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My Only Real Fear is Dying Alone

Posted Aug 23 2008 3:10pm

As a healthcare provider trained to diagnose, I understand very well that there are things you say and things you do not say. There are things, if uttered, which will label you as a “threat to self or others.” We, as healthcare providers, expect ourselves to be the strong ones. We refuse to expose chinks in our armor through long hours dealing with patients, many times, close to death. Or, even worse during the times our patients die despite our best efforts.

Recently I had an out of body experience. No, I wasn’t the one facing death. My patient was the one close to it. I stood in the family waiting room, listening to myself in a surreal moment, tell a son and daughter, barely out of high school, to brace themselves for the fact that their father was never going to wake up.

When did I become that person?

After sleeping on this post, I made a decision.

If Sam and Sean have the guts to write about this so do I.


Before I go on, I want it known that this is not some cry for help. It isn’t a scream hoping for someone to look in my direction and throw me some trite attention. I am in no mood for psycho-babble-bullshit.


It is a Friday night. I sit here, behind my laptop at 9:42 p.m.

I should be at a bbq.

Instead, I am hiding behind my computer.

A friend once commented that he had no idea how I do my job. How I could constantly expose myself to such trauma and heartbreak.

I wonder that myself.

Today, I realized that constant exposure to the most horrible tragedies is possible when the rest of your life is solid. When you are emotionally, physically healthy.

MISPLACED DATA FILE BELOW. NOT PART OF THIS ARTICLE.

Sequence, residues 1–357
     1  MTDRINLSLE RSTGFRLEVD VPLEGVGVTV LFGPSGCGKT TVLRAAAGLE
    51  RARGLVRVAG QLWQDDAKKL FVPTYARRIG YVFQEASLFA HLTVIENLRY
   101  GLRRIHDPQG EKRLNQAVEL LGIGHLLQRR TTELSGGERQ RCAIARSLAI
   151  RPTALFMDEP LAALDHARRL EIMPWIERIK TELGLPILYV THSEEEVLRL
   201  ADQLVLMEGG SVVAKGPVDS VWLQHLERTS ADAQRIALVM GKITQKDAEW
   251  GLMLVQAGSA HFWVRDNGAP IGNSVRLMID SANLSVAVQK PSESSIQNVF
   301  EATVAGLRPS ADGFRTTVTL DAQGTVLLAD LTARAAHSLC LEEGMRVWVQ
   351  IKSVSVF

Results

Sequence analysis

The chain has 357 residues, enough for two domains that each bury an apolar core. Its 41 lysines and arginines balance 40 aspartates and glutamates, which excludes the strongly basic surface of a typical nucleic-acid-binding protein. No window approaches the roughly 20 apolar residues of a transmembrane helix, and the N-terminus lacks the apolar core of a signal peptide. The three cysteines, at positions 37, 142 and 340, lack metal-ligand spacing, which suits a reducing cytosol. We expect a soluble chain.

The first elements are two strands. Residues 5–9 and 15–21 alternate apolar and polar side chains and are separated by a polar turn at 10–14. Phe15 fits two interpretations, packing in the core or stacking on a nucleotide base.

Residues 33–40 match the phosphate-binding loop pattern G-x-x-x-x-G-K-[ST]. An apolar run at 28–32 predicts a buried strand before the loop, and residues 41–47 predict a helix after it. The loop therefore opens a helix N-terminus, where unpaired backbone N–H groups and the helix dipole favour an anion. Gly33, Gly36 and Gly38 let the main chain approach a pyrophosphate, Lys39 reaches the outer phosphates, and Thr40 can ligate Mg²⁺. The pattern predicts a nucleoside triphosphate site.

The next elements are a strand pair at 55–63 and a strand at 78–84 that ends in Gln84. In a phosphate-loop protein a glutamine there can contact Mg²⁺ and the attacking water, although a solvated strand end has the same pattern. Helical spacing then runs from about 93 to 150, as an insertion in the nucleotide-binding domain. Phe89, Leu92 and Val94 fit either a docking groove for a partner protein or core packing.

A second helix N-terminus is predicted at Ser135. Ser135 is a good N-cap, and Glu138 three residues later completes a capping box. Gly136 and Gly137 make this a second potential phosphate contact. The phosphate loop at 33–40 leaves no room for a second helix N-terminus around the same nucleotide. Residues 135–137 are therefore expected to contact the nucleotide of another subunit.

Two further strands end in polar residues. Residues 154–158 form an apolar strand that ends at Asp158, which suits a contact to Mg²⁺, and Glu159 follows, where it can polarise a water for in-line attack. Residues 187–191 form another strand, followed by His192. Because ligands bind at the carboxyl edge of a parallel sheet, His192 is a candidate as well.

Enter in a helicopter crash. A divorce. Friends scattered all over the globe. Uncertainty with my Army career. Rumors of deployment. Family that doesn’t understand. Someone closer to my heart than anyone, who decided to judge me. A life I have allowed to be reduced to overgrown flower beds, three inches of dust and a cracked driveway. A car that needs new tires, and a checking account that needs balanced.

I go to work to forget.

For a brief moment, all I have is that flight. That one patient. That person who, on my stretcher, reminds me that my life is okay.

That is why I jump from airplanes. Why I get tattooed. Why I go faster than I should in my car, on my motorcycle.

I need to feel. I need to be reminded that I am alive. In those moments I feel alive.

The psychiatrists of the world—piss off.

I don’t need therapy.

I don’t need medications.

I need balance.

I constantly wear a bracelet etched with my name, allergies, birth date. It contains a code linked an account which lists my emergency contacts.

The only thing I fear is dying alone.

That is why I have to fly.

Why I constantly expose myself to the heartache. Expose myself to pain. Expose myself to death.

I face my fears with passion and conviction.

I sacrifice for my patients. By doing so, I ensure they won’t face pain or in the most extreme cases, face death . . .

. . . alone . . .


As healthcare providers we need to talk about our pain. The pain we feel as we grieve the lives lost, not of our loved ones, but of the ones we have given a personal commitment to protect, to care for. As nurses, EMTs, physicians, we dance the extremely fine line between burnout and professional fulfillment.

The irony? If we no longer sacrifice a piece of ourselves, no matter large or small, for each person we care for, we are no longer able to effectively do our jobs. An emotional connection keeps you sharp when you are exhausted. Keeps your mind to the task at hand when the small crises of your personal life are begging for attention. If we completely protect ourselves from the pain, we miss the most important aspect of our profession. An aspect that cannot be taught. It must be felt, endured, suffered, accepted.

Sometimes the pain becomes hard to bear.

However, I refuse to live in fear.

I refuse to let it vanquish me.

I need to fly. I HAVE to fly.

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